Another flash blog today but as always any further comments will come later in the week.

Zephyr Energy

Zephyr has provided an update on first quarter 2022 hydrocarbon sales from its non-operated asset portfolio in the Williston Basin, North Dakota, U.S.

Williston Basin Sales Update

Q1 sales from the Company’s Williston Basin portfolio averaged circa 1,600 barrels of oil equivalent per day net to Zephyr, up from 548 boepd in Q4 2021.

During the quarter, Zephyr sold 144,540 barrels of oil equivalent, and net sales to Zephyr were as follows:

Oil:                                     109,940 barrels  at an average sales price of US$90.11 /bbl

Natural Gas:                     114,096 million cubic feet at an average sales price of US$5.40 /mcf

Natural Gas Liquids:       15,584 bbls at an average sales price of US$64.19 per bbl

(Note: First quarter production volumes and average sales prices figures include field estimates in respect of March 2022 gas and NGL sales volumes.)

At the end of Q1 Zephyr had 185 wells available for production, including seven wells that came online during the quarter.

First quarter revenues totalled US$11.5 million net to Zephyr, and  Q1 average operating expenditure was US$11.87 /boe demonstrating the high profit margin realised from the hydrocarbons sold during the period.

Williston Basin production outlook

16 new producing wells from Zephyr’s existing portfolio are expected to be brought online during the next six months.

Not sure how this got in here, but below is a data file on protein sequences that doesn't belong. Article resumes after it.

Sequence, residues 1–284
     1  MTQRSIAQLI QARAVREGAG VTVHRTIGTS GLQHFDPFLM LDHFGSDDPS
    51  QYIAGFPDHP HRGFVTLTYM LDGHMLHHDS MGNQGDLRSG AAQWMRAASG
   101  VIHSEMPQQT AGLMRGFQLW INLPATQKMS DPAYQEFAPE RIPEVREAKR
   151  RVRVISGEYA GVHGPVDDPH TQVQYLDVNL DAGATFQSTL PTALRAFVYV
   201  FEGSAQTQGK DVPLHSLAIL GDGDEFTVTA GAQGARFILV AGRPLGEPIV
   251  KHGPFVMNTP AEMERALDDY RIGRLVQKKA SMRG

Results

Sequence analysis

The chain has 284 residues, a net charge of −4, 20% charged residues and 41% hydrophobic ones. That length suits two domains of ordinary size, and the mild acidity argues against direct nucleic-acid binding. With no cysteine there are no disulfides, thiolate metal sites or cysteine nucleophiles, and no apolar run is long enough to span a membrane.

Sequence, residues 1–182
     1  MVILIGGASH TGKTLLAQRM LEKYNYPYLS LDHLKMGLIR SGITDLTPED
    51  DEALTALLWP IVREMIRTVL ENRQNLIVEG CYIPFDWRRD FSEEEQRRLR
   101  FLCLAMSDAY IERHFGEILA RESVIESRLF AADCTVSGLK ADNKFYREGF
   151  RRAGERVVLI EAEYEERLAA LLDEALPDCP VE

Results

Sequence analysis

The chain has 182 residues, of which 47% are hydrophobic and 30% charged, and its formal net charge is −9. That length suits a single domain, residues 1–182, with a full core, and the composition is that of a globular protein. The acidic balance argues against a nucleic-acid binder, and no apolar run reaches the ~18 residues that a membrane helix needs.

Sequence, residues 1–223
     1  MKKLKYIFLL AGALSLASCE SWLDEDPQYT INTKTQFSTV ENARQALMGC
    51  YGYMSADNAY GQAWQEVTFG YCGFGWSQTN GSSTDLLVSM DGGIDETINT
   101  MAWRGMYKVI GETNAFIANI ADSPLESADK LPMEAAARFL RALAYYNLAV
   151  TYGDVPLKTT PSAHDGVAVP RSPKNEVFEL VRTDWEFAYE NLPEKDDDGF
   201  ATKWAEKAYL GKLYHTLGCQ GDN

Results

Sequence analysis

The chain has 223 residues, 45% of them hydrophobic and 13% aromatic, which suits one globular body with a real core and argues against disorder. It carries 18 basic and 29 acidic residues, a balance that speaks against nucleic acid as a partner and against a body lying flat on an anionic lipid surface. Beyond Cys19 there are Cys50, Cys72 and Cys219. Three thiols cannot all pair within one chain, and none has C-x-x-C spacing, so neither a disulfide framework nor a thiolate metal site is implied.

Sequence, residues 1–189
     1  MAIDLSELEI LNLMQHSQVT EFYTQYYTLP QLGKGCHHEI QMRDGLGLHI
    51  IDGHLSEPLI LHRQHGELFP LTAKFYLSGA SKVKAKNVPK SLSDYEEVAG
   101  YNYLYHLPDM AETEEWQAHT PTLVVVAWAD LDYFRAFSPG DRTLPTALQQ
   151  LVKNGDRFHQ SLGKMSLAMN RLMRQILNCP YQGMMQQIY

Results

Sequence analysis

The Company has currently hedged just under half of its forecast non-operated production over the next two years.  Using an average hedged production price of US$98 for the remainder of the year and using US$90 flat for the remainder of its anticipated production, the Company forecasts a range of US$35-40 million in revenue from production for FY 2022 from its non-operated portfolio based on forecast production range of 500,000 – 550,000 boe during the year.

As expected Zephyr has already kicked on with production from the Williston Basin and also hedged just under half two years worth of estimated flow. The shares have significant upside from here especially with drilling to come from the Paradox Basin later in the year.

i3 Energy

i3 Energy has announced the following update.

Dividend Increase

i3 is pleased to announce that due to the ongoing exceptional performance of its production assets, positive results from the initial phase of its 2022 development drilling programme, and continuing commodity price strength and the resultant positive impact on our cash flow projections, the Company has decided to increase the minimum dividend to be paid in 2022 by 25% from £11.827mm to £14.784mm. The increase will be implemented by increasing the monthly dividend.

Monthly Dividend

i3 announces its June 2022 dividend totalling £1.6052 million and confirms the following:

Dividend:                           0.1425 pence/share

Ex-Dividend Date:            19 May 2022

Record Date:                     20 May 2022

Payment date:                  10 Jun 2022

Payment to shareholders holding their shares on the TSX will be made in Canadian dollars using the exchange rate from the Bank of England at close on the Dividend announcement date, 11 May 2022.